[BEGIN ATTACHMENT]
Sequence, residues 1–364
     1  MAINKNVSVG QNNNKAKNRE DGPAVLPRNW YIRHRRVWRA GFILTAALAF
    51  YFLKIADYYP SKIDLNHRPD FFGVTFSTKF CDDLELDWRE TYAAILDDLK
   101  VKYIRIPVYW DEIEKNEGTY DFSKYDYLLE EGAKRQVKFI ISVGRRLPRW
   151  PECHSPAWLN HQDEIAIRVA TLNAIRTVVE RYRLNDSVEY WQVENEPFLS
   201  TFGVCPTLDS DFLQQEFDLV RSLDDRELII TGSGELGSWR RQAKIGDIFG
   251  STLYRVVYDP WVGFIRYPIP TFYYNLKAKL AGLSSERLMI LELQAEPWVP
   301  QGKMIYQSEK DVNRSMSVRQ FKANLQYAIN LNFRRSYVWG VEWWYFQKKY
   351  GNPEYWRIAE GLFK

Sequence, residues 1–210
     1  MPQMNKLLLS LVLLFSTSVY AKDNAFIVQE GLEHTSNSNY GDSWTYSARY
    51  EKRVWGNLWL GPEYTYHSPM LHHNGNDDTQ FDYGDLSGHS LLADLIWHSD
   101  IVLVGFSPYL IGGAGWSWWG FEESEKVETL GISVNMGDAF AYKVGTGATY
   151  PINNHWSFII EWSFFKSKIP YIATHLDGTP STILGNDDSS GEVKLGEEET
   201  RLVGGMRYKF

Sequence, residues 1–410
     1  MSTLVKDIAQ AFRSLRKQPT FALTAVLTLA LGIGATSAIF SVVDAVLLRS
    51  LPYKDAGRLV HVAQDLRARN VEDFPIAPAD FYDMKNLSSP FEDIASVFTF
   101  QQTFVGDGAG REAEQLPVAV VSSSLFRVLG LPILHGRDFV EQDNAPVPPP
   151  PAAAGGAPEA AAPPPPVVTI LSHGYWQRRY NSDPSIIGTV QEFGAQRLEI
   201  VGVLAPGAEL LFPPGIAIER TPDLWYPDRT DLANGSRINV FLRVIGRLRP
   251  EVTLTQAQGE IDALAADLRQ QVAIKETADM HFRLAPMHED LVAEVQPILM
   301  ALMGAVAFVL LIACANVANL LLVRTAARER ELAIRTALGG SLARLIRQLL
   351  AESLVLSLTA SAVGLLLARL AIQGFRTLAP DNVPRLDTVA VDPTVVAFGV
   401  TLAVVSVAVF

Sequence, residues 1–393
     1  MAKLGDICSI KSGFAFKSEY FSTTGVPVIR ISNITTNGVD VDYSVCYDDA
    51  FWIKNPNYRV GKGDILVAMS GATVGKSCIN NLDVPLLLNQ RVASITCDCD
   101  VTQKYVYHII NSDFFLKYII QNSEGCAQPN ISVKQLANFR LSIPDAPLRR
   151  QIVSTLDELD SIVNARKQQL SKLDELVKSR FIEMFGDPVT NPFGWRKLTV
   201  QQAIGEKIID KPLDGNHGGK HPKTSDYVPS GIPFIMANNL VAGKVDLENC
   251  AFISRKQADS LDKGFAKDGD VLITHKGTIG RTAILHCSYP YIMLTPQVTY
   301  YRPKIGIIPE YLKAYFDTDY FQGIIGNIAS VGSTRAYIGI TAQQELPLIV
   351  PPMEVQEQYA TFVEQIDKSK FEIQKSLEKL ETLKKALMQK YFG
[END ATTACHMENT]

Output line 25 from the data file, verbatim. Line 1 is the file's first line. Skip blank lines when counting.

   401  TLAVVSVAVF